Monday, May 18, 2009


In the Prince Machiavelli argued that it was not in the interests of a good ruler to be moral, but it was in their interest to seem moral. During his Presidency and after Jimmy Carter has exemplified this rule, consistently described himself as a "human rights" minded President while ignoring that while his time in office he did make the human rights violations of official enemies like the Soviet Union a top priority he backed some of the world's most repressive regimes. After he left office he has cast himself as an advocate for democracy and human rights, monitoring elections in third world countries and portraying himself as an advocate of such causes as Palestinian self-determination and global dialogue, all the while pleading ignorance when confronted with his record. One of the most disgraceful episodes of the Carter administration began twenty-nine years ago today in a movement that is referred to by South Koreans simply as 518. It was South Korea's equivalent of Tienanmen Square, and it ended just as bloodily.

In the 1980's South Korea was under the ironfisted rule of Chun Doo-hwan, a brutal and corrupt military dictator who ran the nation as his personal fiefdom, looting billions of dollars from the nation's coffers and savagely dispatching political opponents. Chun's tyrannical administration was deeply resented by his people, it was deeply supported by the U.S government. Cyrus Vance, Secretary of State under President Jimmy Carter instructed U.S ambassador to South Korea William Gleysteen that the American objectives in South Korea were to achieve a “maximum US share of economic benefits from economic relations with increasingly prosperous South Korea.” In practice this meant backing a fascist military tyrant who was willing to give American corporations free range in exchange for vital U.S support for his dictatorship.

Those interests clashed most notably with the interests of the populace on May 18, 1980 when students launched in earnest what would eventually become a massive pro-democracy demonstration by over 100,000 people, the Gwangju Democratization Movement. On May 18 two hundred students defied government orders to protest the closing of their University. They were opposed by thirty paratroopers who attempted to break up the demonstration by charging the students, but by mid-afternoon the demonstration had grown to 2,000 participants and moved into downtown Geumnamno.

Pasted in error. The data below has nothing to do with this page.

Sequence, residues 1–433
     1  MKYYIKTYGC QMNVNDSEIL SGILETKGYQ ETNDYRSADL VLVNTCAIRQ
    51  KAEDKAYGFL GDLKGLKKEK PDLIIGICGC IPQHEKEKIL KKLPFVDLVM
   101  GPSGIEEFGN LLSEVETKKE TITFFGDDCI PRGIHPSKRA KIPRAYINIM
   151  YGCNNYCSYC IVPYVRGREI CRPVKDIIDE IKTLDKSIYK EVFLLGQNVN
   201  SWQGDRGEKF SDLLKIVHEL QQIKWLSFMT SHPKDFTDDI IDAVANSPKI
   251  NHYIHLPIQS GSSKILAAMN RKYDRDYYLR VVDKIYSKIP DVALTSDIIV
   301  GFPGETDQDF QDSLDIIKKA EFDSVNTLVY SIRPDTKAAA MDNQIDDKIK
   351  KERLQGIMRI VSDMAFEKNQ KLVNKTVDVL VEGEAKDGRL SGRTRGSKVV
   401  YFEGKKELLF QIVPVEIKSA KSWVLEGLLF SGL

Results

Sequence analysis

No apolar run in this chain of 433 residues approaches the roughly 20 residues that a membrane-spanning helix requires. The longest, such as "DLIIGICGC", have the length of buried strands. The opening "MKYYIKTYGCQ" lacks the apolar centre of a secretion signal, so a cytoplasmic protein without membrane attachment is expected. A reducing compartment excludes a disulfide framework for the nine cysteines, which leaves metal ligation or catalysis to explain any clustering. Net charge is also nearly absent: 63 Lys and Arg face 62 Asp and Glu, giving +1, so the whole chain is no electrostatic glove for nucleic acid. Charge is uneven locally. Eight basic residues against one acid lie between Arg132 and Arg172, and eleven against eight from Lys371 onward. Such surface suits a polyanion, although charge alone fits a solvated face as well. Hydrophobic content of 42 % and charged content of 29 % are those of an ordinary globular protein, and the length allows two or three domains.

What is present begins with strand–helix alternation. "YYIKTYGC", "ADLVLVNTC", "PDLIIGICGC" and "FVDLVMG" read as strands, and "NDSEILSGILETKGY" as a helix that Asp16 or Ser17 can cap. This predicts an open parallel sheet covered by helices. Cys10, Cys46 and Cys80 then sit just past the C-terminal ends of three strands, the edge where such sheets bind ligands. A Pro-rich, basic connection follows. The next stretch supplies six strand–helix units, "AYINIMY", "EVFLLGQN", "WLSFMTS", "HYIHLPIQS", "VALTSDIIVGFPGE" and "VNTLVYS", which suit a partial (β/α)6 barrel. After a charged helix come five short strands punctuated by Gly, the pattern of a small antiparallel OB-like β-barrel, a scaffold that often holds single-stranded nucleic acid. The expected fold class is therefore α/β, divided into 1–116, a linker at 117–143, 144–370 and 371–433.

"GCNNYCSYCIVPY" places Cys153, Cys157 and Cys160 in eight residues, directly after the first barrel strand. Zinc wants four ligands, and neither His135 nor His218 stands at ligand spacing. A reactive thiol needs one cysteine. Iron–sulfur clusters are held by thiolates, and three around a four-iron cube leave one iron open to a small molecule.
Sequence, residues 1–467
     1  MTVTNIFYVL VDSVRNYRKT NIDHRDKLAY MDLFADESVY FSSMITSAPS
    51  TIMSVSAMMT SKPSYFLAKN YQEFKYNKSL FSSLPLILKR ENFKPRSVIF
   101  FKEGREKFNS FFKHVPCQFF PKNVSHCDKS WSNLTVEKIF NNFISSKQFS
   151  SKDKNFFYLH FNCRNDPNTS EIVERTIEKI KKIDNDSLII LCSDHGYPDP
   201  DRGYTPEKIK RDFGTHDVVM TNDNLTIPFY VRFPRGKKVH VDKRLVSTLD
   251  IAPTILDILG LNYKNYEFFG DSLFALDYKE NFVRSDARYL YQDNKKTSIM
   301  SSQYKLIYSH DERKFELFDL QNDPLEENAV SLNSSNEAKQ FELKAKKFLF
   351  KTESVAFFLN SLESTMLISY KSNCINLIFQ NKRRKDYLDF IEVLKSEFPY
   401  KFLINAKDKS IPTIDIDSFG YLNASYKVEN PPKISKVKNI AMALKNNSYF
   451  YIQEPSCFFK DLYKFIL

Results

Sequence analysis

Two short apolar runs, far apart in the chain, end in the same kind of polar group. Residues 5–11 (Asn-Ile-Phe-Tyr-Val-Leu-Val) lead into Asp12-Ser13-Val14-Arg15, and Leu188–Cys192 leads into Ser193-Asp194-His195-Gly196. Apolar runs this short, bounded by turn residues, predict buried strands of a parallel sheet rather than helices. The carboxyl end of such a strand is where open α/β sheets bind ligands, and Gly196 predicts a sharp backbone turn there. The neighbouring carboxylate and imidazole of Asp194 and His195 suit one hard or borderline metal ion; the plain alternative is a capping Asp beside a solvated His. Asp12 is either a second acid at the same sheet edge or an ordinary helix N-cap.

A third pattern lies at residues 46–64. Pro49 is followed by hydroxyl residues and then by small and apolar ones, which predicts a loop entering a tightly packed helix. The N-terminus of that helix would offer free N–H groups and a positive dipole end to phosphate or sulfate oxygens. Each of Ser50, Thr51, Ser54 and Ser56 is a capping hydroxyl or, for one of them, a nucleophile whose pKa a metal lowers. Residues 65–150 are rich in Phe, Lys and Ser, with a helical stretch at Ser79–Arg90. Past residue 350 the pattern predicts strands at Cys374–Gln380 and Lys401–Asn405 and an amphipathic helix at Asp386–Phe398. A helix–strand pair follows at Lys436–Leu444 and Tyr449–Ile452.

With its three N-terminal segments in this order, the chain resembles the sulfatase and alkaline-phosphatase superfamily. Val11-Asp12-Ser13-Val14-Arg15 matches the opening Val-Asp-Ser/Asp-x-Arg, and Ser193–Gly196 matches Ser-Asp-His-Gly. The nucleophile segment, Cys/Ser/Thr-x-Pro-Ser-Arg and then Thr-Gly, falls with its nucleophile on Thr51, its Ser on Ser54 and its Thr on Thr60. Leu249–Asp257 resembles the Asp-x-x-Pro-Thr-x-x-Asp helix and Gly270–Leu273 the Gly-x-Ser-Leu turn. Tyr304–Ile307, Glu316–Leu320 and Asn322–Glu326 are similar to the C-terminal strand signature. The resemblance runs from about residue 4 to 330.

The military responded harshly beating and killing demonstrators and onlookers alike, but the brutality only further stoked the strong pro-democracy sentiment. Within two days over 100,000 people were on the streets demanding democratic reforms. Chun responded by slaughtering pro-democracy activists in the Gangju Massacre. Estimates of the number of people killed in the crackdown range from just under 200 to over 2,000. The soldiers killed more than scores of civilians, they killed the democratic spirit. The Gagnju Massacre was rated the greatest tragedy in Korean history since the end of World War II, surpassing even the Korean War, in a poll of South Koreans.

When questioned about U.S involvement in the massacre Richard Holbrooke commented that "[t]he idea that we would actively conspire with the Korean generals in a massacre of students is, frankly, bizarre; it's obscene and counter to every political value we articulated," sadly declassified U.S documents show that to be exactly what occurred. They show that on May 9, 1980 the U.S, which in addition to the tens of thousands of American troops had operational command of 80% of the South Korean Army, aware of the discontent, authorized Chun to use force to disperse pro-democracy demonstrations. On May 17, with U.S support Chun declared martial law and prepared to bring out his Special Warfare Command troops, which, according to declassified U.S documents, he had been training since the beginning of the year to suppress internal opposition.